The Black-Eyed Peas? Don't make me laugh...they're more Middle of the Road than a Cats Eye! They don't make Music or Songs, they just have collections of Sounds put together in no particular order which is supposed to signify their "Individualism and Originality"...just some synthetic beats whilst some B1nt spouts nonsense over and over and over again..., (but she'll act as the Female Role-Model of the Band) it's no mystery that Kids as young as 3 could "sing" along either...hardly tear-reducing except for the overcooked MiX...way to strangle the life out of that one Mr Producer!

RIP Music

mspL4

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Guest eight
I grew out of Oasis ten years ago. For a live act, you can't beat Muse, and I recommend their HAARP dvd. I used to like Portishead in the ninties but their last effort was...erm dissappointing to say the least. The White Lies show promise, and I hope they don't join the growing list of one album wonders.

Supergrass are still going, and Blur are reforming. The Good The Bad and the Queen are enjoyably different.

I think White Lies have just bought a load of singles by the likes of The Alarm and other 80's bands, re-recorded the B-sides and are hoping that nobody notices.

I suspect this because I actually had the same idea myself.

eight

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Guest eight
The Black-Eyed Peas? Don't make me laugh...they're more Middle of the Road than a Cats Eye! They don't make Music or Songs, they just have collections of Sounds put together in no particular order which is supposed to signify their "Individualism and Originality"...just some synthetic beats whilst some B1nt spouts nonsense over and over and over again..., (but she'll act as the Female Role-Model of the Band) it's no mystery that Kids as young as 3 could "sing" along either...hardly tear-reducing except for the overcooked MiX...way to strangle the life out of that one Mr Producer!

RIP Music

mspL4

Dizzee Rascal takes the biscuit for me. The guy's actually won the Mercury Prize, yet if I'd come up that "Bonkers" drivel I'd have been too embarrassed to put my name to it.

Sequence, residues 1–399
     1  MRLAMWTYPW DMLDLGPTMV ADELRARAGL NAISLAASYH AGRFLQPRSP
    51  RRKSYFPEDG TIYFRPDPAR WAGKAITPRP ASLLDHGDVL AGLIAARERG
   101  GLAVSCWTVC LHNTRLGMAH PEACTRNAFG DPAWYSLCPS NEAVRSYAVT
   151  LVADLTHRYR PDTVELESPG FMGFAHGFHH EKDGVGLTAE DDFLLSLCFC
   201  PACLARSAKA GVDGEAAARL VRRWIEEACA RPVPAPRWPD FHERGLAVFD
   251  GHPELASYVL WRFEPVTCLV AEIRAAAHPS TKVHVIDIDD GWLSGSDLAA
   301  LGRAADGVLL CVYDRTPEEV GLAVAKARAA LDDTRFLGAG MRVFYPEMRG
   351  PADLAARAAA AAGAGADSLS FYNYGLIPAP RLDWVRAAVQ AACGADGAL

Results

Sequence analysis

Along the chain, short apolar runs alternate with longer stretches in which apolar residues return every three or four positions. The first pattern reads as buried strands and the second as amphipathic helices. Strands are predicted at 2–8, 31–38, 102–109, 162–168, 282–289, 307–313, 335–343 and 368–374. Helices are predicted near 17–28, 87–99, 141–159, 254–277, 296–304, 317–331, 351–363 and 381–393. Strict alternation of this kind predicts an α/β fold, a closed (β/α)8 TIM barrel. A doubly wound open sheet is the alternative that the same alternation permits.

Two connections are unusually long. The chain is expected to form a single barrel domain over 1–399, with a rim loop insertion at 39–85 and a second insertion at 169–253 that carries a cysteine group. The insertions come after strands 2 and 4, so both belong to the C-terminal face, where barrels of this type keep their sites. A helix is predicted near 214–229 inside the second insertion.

eight

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I think it is the other way round, there was serious amounts of dross in the 60s, and 70s that's not worth listening to/hard to listen to/annoying, lots of newer music is actually rather good and more complicated...

People have different tastes... for example I don't understand how anyone can listen to rock, its just random bashing crashing and screaming, totally pointless

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Guest theboltonfury
I grew out of Oasis ten years ago. For a live act, you can't beat Muse, and I recommend their HAARP dvd. I used to like Portishead in the ninties but their last effort was...erm dissappointing to say the least. The White Lies show promise, and I hope they don't join the growing list of one album wonders.

Supergrass are still going, and Blur are reforming. The Good The Bad and the Queen are enjoyably different.

Get you! Proper culture vulture

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As someone said earlier, we've ended one 'movement' without another appearing. I think the kids are tired of whiny Coldplayers and skinny-tied geezers recycling the late 70s (turns out you can get bored of stabby chords played on Telecasters). The press have been trying to kickstart something around young women using synths (Littleboots et al) but while they are nice for music journos to write about and take pictures of, nobody wants to buy their records.